You will know that you have an aphid infestation, because you will be able to see the tiny green insects all over your plant. Aphids suck nutrients from the stems and then secrete a sugary liquid, called honeydew. Ants love honeydew and will farm aphids to get it.
So if you also have ants around your plants, that’s bad news. The good news is, you can do to prevent these little pests from ruining your crops:
- You can pick off aphids by hand and destroy them, but that is only viable if there are only a few
- if your plants are strong, you can put some newspaper underneath the plant and carefully shake it. The aphids will fall off and drop on the newspaper. Place them in a spot in the garden where they can’t do harm or destroy them.
- Encourage natural aphids predators into your garden, such as ladybirds, hoverflies and lacewing. You can do this by planting thyme, yarrow, dill, marigold, etc.
- Some plants also repel aphids, so planting these close to your peas will help keep them aphid free, such as coriander, marigold, mint, basil. You can find out more about using companion planting to keep pests away in our guide on companion planting.
- You can also use insecticidal soap to wash off the aphids. I have used this before and it worked well.
- Pure organic cold pressed neem oil concentrate unrefined one 1000ml bottle
- Gentle biodegradable liquid soap derived from plant oils one 1000ml bottle
- Combine together with water to form a neem spray or drench
Knowing how to deal with aphids is important for any gardener, not just for growing peas in pots.
While growing peas in pots in the UK is easy, there are some diseases you should know about.
Powdery mildew is one of the most common diseases. It’s a fungal disease and can be easily spotted by the white or light grey coating on the leaves.
This is a disease that will affect plants that are stressed, so it is important to ensure your peas are healthy. Here are some things to do to prevent powdery mildew becoming a problem:
- water your peas regularly, as lack of water can stress a plant
- Like any other fungus, mildew thrives in damp condition, so make sure that you give your peas space to ensure good air circulation.
- Fungi will from on dead plant debris, so clear away any dead plant material in the pot
- Some varieties of peas are resistant to mildew, so growing these will lower the chances of it getting a problem
- If you spot any signs of the disease, remove the infected leave or stem and destroy it, don’t compost
Frequently Asked Questions?
Do you still have questions about growing peas in pots? You might find the answer in our FAQ section.
Do I need to soak the pea seeds before sowing?
The short answer is no, you don’t have to. But let’s look at this question in more detail.
What happens when a seed get’s planted in soil? The seeds, which are dry, will slowly take on the water from their surroundings, which will start the germination process.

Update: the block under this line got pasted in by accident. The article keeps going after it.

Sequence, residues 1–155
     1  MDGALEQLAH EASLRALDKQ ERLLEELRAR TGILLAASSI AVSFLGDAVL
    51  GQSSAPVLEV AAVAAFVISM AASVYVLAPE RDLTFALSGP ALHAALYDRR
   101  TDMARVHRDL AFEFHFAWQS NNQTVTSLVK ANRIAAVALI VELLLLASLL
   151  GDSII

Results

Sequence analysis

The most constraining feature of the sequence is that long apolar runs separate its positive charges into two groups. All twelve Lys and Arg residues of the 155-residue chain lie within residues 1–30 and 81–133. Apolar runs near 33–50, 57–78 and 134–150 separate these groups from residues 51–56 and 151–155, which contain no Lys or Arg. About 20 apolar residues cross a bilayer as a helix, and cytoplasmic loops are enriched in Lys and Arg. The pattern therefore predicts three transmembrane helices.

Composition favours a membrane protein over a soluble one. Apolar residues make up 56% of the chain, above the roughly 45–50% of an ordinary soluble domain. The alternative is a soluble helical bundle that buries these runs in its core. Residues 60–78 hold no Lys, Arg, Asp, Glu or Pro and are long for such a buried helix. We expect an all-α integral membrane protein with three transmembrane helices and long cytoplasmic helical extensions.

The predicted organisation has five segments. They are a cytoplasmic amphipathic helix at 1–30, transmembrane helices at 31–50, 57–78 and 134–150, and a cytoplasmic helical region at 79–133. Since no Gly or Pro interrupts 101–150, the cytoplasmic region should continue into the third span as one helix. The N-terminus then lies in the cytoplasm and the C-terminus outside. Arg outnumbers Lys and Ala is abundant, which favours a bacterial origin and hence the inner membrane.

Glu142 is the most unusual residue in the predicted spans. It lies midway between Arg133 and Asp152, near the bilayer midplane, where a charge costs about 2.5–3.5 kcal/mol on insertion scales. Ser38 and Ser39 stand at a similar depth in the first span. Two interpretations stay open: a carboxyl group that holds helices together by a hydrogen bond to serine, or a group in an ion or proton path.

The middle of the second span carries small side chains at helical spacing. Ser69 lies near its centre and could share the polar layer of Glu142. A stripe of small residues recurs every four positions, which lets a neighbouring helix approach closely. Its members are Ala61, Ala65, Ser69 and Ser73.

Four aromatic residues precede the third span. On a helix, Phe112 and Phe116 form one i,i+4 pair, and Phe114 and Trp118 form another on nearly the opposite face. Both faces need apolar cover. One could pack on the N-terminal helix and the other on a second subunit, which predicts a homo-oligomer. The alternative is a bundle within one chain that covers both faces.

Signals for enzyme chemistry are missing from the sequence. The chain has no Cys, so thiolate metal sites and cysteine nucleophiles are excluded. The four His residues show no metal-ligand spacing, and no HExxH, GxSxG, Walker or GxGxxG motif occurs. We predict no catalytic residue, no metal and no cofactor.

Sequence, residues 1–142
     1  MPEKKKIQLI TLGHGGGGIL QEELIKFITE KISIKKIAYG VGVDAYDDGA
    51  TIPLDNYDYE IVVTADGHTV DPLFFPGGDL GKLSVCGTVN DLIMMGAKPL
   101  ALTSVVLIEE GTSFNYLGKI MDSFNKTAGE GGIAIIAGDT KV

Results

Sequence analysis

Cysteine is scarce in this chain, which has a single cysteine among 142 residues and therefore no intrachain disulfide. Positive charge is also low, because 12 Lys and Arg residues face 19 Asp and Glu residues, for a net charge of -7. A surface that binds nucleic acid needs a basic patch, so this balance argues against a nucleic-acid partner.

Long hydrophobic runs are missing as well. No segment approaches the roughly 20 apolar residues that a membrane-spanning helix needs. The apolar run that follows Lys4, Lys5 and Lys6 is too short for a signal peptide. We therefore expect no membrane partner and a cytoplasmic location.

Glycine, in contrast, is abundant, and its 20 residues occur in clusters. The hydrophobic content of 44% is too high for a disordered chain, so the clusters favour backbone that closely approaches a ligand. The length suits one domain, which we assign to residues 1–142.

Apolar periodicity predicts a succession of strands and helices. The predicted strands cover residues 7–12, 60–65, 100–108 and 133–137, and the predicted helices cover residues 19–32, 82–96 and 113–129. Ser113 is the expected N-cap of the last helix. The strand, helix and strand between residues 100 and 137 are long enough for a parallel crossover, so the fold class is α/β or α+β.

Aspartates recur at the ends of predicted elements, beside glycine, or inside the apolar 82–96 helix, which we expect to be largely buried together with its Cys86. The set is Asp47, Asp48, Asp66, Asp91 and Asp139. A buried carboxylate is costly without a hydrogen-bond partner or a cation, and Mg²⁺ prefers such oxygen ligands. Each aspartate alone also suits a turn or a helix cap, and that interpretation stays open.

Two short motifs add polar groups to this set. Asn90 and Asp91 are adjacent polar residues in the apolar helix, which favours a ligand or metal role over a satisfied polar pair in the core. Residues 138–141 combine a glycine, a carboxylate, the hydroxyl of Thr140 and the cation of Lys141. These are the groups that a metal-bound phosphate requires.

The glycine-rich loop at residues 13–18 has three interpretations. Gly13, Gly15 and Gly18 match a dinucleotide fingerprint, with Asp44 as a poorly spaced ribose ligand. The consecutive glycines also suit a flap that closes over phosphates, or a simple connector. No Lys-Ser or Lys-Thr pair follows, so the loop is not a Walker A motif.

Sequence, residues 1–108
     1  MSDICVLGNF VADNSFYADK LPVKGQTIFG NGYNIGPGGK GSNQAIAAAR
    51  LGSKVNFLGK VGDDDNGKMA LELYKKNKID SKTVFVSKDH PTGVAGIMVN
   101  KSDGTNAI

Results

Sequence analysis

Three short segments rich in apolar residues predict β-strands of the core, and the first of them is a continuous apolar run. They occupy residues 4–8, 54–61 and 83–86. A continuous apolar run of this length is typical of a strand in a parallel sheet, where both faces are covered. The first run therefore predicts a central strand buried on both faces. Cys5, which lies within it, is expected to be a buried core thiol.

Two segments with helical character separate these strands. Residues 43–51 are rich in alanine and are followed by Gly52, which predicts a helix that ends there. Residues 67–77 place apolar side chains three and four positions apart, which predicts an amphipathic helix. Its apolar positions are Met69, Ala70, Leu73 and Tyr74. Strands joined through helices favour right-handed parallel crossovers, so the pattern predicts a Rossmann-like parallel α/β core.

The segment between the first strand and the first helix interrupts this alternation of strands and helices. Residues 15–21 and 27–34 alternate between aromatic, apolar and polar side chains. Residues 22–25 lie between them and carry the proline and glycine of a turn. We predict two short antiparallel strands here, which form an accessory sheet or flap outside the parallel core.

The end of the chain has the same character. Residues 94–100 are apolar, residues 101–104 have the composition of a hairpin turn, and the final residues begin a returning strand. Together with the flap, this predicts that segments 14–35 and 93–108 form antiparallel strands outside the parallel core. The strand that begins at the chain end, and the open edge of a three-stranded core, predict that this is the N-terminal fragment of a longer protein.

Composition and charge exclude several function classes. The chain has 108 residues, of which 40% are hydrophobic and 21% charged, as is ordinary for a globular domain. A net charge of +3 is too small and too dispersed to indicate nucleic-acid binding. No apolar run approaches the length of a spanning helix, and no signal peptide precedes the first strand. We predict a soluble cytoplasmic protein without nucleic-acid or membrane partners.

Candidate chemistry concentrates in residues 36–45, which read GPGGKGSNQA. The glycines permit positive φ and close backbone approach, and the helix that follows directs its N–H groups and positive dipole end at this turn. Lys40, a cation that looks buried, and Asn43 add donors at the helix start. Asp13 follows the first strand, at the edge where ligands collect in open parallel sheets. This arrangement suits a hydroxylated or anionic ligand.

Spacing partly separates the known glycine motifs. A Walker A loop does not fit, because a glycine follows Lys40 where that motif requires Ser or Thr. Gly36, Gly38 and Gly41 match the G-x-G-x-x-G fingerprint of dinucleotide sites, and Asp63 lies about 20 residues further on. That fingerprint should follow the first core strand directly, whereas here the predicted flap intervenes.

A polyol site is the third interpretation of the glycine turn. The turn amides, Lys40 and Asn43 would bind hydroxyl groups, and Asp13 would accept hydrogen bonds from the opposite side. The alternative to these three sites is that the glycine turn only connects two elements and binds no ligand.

Without water seeds can’t germinate.
The reason the seeds are dry is so that they can hibernate until they have the right conditions to germinate. A lot of seeds are in fruit that gets eaten by animals. In the stomach, they rehydrate, so when they are excreted, they are ready to hit the soil and germinate.
Soaking the seeds in water, mimics this process in the stomach and, as a result, the seeds will germinate quicker.
If you are in a hurry, and you want your pea seeds to germinate quicker, then go ahead and soak them. Normally, 24 hours or overnight is sufficient.
Just put them in a shallow dish and cover with tap water. Over soaking could kill the seed, so don’t soak them any longer than 48 hours.
Can peas grow in small pots?
Yes, you can, is the short answer. But you should consider the following points.
You would normally grow several pea plants in one big pot, so they have each other for support (and I mean in terms of climbing rather than psychological support) as well as any support you provide.
If you have a smaller pot, you can grow fewer plants in the same pot. But because the pea roots are shallow, you can get a way with a smaller pot, as long as you are happy to grow fewer plants.
Peas can grow quite tall, depending on the variety of peas, and a smaller pot will be less stable. If the container falls over, it could damage the plant.
A smaller pot also means less room for the roots, even if they are shallow. And that means that the plant won’t grow as big and the yield will be less.
Smaller pots will also dry out quicker, so you have to keep on top with the watering.
So, if you consider all these things, you could give it a go.
Now that we have shown you how easy it is growing peas in pots, why don’t you try it out in spring? Freshly picked peas are absolutely yummy, and they are also good for you. It’s a win-winn situation.